This is just one example and there are many! Organisers of conferences, events, weddings and other functions all have the 'Use and throw' mind set.. They and the caterers are not easy to convince. But excuses are plenty, cleaning is not up-to the standard, labor is not available and also water is scarce. All justifiable. So it is easier to ignore the advises given.  Convincing takes a lot of effort and NRI ‘s are more difficult to convince!

He has many suggestions to offer: Leftover food to be preserved separately which can be used to produce bio-gas or food for piggeries. Regards plantain leaves rolled along with paper, 90 % can be recycled if segregated ..
In his experience in any apartment complex say out of 600 flats 10% do not segregate.. so local volunteers are needed to monitor…  90% are  ladies and they are good.. working ladies devote week ends…
Hopes that BBMP will get stricter in enforcing segregation. He feels real commitments are needed. And there is a need for follow up  and even punish those who do not segregate. Inspectors should make surprise inspections..on individual houses as well…to fine (Rs.100)  if they do not segregate. 

 I also asked  NSR about the concrete dust bins which was a common sight in my younger days! And  about the small trolleys pushed by women I see in Kumara Park. He said that around the year 2000 dustbins were removed and a new system was intoduced in Bangalore. He said  the idea was inspired by the Singapore model. It was a brilliant idea but it seems it has gone the way of all good intentions in our city.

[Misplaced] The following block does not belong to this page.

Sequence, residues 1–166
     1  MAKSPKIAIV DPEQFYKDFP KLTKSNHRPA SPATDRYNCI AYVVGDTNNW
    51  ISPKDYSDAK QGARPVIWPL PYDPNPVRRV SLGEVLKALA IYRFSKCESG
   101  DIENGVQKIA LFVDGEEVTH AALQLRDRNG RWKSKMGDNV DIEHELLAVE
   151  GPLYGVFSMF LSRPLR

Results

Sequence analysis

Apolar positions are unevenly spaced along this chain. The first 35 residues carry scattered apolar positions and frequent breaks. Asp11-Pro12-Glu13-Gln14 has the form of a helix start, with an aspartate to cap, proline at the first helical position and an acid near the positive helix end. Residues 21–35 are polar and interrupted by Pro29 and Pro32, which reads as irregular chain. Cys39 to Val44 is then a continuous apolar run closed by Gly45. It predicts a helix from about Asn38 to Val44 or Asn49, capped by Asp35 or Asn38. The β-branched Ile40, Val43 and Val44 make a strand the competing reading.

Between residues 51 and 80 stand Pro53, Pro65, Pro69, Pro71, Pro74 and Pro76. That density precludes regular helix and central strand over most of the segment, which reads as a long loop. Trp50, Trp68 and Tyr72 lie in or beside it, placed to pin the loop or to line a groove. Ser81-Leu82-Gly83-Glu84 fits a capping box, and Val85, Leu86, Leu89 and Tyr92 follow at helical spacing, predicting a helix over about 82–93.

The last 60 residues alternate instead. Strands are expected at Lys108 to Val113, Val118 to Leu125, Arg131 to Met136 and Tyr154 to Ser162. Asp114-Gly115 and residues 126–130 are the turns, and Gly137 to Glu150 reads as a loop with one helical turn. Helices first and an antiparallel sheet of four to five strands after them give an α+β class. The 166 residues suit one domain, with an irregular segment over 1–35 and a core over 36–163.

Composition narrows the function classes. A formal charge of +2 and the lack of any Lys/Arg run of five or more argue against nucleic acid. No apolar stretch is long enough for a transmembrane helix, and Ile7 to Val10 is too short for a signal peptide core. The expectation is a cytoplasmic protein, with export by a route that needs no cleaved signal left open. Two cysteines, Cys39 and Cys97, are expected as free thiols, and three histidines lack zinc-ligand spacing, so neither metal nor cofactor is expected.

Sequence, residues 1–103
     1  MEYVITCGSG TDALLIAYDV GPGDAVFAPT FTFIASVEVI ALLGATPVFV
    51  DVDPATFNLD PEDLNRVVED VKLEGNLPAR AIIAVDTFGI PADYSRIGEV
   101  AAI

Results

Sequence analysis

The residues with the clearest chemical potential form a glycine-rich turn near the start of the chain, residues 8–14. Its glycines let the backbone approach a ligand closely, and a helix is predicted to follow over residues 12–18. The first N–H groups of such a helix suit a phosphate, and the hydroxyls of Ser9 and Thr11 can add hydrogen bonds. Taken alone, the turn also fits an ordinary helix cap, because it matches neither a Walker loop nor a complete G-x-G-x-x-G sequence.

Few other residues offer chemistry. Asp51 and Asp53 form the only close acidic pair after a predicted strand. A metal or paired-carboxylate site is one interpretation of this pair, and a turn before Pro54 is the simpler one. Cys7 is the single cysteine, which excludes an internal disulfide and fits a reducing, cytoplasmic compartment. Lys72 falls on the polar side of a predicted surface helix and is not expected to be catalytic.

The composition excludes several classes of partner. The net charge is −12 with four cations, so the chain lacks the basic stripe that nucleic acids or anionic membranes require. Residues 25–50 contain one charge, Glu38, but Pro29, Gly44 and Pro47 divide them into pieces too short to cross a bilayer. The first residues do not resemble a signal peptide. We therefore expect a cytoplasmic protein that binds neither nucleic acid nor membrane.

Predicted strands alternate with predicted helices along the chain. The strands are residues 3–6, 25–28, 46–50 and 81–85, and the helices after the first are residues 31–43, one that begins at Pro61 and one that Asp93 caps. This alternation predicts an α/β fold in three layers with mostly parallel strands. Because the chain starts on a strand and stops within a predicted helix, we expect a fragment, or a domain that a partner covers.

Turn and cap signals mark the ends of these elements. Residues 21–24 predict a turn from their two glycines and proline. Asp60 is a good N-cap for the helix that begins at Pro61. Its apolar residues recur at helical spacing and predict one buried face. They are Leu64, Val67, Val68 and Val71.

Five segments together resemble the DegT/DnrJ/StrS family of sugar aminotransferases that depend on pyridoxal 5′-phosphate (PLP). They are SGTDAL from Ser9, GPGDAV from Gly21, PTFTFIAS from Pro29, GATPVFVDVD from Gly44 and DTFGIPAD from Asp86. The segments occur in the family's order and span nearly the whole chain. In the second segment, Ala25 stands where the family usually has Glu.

The idea of pourakarmikas while it appeals, it is almost Gandhian, the system is flawed. It is nice to imagine a dedicated person moving around the community collecting garbage, segregating and delivering to the collecting point and so on. But employing these small time contractors is not efficient. There is no supervision of their work and obviously no commitment. NSR also noted that the trolleys are not maintained well and once the bearings go, it is hard for the women to pull them with a load. 
I have seen a trolley with just a broom and a couple of plastic bags hanging on them. And I have seen trolleys full of garbage parked next to a garbage dump on the road. There is also the usual complaint about contractor not paying their workers.
Mid day and his trolley is empty!

 Around 50 workers participated in the protest and demanded that the system of paying wages through contractors should be done away with and instead the money reach them directly from BBMP. ...

It is not just the BBMP or the contractors, it is also us.I quote:
Though the bins were removed .., people still think of the area as a place to dump garbage. The look and feel of the area just adds to this assumption.